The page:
I start this lecture by answering ‘yes’ to the question in my lecture title, but will later add some caveats to this initial response.

Tax systems have multiple functions, not least generating revenue. To achieve state-building capacity and advance developmental goals, governments must raise sufficient revenues to fund expenditures and implement programmes to achieve more equitable outcomes (Mascagni et al., 2014). Revenue mobilisation, therefore, is at the top of the agenda of tax policymakers, who must ensure that tax systems are designed or reformed with minimal impact on the taxpaying public. In this regard, revenue mobilisation together with tax efficiency and tax equity constitute the key components of an optimal tax system. It is well known that people do not like paying taxes, and tax policies usually elicit some behavioural response to mitigate the tax burden. For instance, do you continue to buy the same number of bottles of wine when excise duties increase year on year? As Jean-Baptiste Colbert, comptroller general of finance under French King Louis XIV, famously stated:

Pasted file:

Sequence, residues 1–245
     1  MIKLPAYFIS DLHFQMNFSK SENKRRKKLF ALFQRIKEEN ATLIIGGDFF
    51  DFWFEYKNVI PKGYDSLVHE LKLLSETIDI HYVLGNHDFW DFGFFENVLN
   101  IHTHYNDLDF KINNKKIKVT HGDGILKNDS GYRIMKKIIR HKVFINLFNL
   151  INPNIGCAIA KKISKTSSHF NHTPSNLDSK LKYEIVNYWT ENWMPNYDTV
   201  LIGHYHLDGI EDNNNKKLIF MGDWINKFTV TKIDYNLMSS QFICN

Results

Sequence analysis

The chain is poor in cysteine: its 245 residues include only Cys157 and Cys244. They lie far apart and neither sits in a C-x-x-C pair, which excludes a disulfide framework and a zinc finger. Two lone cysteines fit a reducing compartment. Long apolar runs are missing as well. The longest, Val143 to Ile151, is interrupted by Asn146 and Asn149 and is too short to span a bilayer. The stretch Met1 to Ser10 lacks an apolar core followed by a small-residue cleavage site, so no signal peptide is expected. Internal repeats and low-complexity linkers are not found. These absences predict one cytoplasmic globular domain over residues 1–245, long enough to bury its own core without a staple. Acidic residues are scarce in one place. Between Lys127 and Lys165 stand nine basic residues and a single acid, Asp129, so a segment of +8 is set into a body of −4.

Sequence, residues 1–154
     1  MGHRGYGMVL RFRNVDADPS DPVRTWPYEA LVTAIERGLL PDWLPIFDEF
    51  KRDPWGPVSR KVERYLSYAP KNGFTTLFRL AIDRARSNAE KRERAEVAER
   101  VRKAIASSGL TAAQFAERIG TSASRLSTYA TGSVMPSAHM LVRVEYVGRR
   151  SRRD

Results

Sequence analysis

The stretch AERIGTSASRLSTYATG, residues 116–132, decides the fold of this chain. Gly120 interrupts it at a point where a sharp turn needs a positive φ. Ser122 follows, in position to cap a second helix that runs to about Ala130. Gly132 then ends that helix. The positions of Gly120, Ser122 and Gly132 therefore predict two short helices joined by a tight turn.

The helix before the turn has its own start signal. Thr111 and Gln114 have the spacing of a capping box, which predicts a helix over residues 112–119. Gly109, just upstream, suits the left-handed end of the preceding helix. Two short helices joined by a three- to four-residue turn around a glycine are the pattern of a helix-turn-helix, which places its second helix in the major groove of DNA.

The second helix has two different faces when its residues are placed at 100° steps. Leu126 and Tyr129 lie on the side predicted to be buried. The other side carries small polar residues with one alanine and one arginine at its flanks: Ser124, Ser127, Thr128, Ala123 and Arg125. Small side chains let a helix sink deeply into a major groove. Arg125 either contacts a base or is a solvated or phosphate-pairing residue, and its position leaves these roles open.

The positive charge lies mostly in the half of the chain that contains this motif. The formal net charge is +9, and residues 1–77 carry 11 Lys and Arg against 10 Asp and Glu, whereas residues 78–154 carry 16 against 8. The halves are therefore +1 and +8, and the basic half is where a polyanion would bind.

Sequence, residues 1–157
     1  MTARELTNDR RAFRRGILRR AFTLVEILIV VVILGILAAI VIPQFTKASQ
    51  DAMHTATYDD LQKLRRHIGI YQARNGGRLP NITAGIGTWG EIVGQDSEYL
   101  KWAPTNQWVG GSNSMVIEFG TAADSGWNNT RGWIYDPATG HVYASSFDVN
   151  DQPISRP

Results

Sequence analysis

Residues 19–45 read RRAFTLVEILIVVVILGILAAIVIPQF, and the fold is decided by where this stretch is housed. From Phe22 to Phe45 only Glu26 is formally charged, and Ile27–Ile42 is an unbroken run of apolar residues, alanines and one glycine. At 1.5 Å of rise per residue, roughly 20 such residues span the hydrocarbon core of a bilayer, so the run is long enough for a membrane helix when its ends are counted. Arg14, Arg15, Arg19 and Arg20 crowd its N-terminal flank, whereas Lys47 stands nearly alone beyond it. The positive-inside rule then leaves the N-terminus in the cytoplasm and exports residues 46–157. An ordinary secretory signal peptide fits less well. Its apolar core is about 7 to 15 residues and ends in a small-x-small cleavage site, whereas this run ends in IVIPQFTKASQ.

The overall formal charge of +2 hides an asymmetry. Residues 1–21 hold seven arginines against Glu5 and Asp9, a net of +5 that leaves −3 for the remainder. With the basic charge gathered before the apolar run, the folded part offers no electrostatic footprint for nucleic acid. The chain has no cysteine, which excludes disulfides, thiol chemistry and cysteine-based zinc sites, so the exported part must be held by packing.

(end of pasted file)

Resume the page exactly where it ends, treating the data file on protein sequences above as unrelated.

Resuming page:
The art of taxation consists in so plucking the goose as to obtain the largest possible amount of feathers with the smallest possible amount of hissing.

Hence, if we can raise sufficient revenue at minimal efficiency costs, while having socially acceptable regard to fairness, developmental objectives may be achieved. South Africa’s tax system has been designed with similar objectives in mind. In an interview with the Daily Maverick, the commissioner of the South African Revenue Service (SARS), Mr Edward Kieswetter, clearly stated the importance of raising revenue and ensuring increased compliance with the tax system, emphasising the key role of a well-functioning revenue management system in ensuring adherence to tax laws (Moodley, 2023). Government aims to raise maximum revenues and ensure that taxpayers comply with tax legislation. South Africa has a well-developed tax system with a strong emphasis on raising revenue. The latest Tax Statistics publication shows that for the 2021/22 tax year, the ratio of tax to gross domestic product (GDP) was 25,1% (National Treasury & SARS, 2023). Compared to other developing countries in Africa, South Africa’s tax collection performance is relatively high and leaves less room for new taxes or higher tax rates.